Judy Stone, a dear friend of Katherine and long-time member of The Moth community, writes:
Our much-loved, deeply admired friend Kathy Rich died last week, nearly two decades after her doctor said she had a year left, two at most. You might say she was living on borrowed time – except that Kathy didn’t borrow time; she owned it, planting her flag firmly and ruling that span of seasons fiercely, wisely, hilariously, benevolently, and beautifully.
Hearing of Kathy’s passing, many of her heartbroken friends had the same strange feeling: We’d seen her approach the brink of beyond and bounce back miraculously so many times during her years of combat with cancer that though we understood she’d truly left the building, we couldn’t help thinking, “But it’s Kathy! She just might have a trick up her sleeve!”
Well, she did. Her work conjures one kind of immortality, of course; she was a potent sorceress of a writer and an enchanting storyteller. But an even deeper magic lies in the legacy of her example. She showed us a way to move forward and savor, no matter what. “Uncertainty is not necessarily to be feared,” she wrote in a memorable 2010 piece for O, The Oprah Magazine, about committing herself to living fully despite the lethal threat of an illness in and out of remission. “It can make your life bloom, give you power; at least that’s what I’ve found. ‘So what?’ I’d tell myself. ‘Just try it.’” Go live in India for a year, she told herself. Buy a house in the country. Be a New York Public Library scholar. Teach at Harvard. Just try it. So what? She left us a memorable model and a marvelous metric: What Would Kathy Do? Her vast network of pals – she had a great gift for friendship – and the strangers who met her through her writing and storytelling will be asking themselves always, “What am I waiting for? So what? WWKD?” The great trick she’s pulled off is to inspire a glorious epidemic of day-seizing.
During our more than 30 years as chums (so much fun! so not long enough!), I saw that Kathy didn’t deny pain, terror, or sorrow; instead, she acknowledged them as part of living fully, and set out to learn how to navigate them with grace. It wasn’t easy, and the fact that her equanimity was hard-won, territory that sometimes needed reconquering, only burnishes her accomplishment. That lesson is part of her legacy, too.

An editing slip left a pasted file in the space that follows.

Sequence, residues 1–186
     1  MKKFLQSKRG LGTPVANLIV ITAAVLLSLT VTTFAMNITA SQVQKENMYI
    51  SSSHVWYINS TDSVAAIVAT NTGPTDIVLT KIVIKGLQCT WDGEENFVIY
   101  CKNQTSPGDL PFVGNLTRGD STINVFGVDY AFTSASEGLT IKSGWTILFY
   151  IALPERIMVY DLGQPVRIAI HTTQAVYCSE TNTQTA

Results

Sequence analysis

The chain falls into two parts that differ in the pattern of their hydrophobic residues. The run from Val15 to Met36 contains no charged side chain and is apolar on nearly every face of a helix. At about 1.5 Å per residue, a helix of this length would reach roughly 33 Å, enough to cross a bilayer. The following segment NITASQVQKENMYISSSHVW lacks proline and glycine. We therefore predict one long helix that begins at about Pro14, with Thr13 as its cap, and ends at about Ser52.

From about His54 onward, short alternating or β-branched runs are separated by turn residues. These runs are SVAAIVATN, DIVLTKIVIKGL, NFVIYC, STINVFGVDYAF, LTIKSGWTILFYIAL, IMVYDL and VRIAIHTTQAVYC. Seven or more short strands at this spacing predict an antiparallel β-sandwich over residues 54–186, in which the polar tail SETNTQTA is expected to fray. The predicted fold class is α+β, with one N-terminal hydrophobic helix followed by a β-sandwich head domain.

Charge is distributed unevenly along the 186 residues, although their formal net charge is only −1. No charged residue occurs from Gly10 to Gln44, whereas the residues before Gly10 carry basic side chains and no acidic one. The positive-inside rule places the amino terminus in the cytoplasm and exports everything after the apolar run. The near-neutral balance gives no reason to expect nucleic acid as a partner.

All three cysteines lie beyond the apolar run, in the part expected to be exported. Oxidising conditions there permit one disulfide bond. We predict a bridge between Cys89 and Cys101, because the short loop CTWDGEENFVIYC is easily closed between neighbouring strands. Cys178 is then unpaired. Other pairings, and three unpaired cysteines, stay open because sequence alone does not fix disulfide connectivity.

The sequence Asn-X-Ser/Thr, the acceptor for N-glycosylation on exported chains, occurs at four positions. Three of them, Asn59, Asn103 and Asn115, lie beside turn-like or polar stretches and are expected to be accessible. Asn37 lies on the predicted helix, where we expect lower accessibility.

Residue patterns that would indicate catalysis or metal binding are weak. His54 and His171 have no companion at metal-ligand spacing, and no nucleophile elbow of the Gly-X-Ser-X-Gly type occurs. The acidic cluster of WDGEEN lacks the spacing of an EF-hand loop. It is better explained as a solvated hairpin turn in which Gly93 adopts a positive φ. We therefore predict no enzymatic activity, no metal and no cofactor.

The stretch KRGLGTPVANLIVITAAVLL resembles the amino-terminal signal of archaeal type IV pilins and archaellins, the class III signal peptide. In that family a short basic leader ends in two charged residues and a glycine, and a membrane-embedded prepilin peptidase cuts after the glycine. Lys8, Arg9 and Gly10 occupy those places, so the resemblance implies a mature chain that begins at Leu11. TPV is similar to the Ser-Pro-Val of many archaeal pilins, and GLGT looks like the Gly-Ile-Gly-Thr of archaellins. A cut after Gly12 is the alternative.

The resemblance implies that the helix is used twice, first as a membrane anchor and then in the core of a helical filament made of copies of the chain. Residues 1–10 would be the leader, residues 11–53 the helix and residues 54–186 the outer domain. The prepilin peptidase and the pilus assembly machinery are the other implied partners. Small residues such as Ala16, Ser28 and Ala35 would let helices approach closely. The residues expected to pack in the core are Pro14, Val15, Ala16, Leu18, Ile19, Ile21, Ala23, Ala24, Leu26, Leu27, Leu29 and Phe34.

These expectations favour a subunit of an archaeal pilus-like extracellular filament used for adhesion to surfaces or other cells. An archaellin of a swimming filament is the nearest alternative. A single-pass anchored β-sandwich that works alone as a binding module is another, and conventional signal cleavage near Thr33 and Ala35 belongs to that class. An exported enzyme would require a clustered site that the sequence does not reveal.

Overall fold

Though her corporeal self is absent, we have many ways to summon Kathy’s voice and image—in our thoughts; through her writing, especially her two extraordinary books Dreaming in Hindi and The Red Devil: To Hell With Cancer—And Back; and by means of technology: photos and tributes on her Facebook page; the rollicking video trailer for Dreaming in Hindi, in which she relates some of her “many spirited adventures”; through her three Moth stories (about a hot fireman, a twist-of-fate love affair, and thriving under the threat of death. One highlight from that tale: When the doctor first gave her a year to live, she decided for the sake of practicality not to look up new words in the dictionary, since she wouldn’t need them).
The Moth stories capture Kathy’s essence. They’re wry and insightful, shapely and sharp, with a lightness anchored in moral heft; beneath slight goofiness lies great gravitas. In her author’s video, Kathy says that Dreaming in Hindi is about how learning a second language affects the brain, but it’s also about “extreme joy and transformation.” That’s what Kathy was about, too.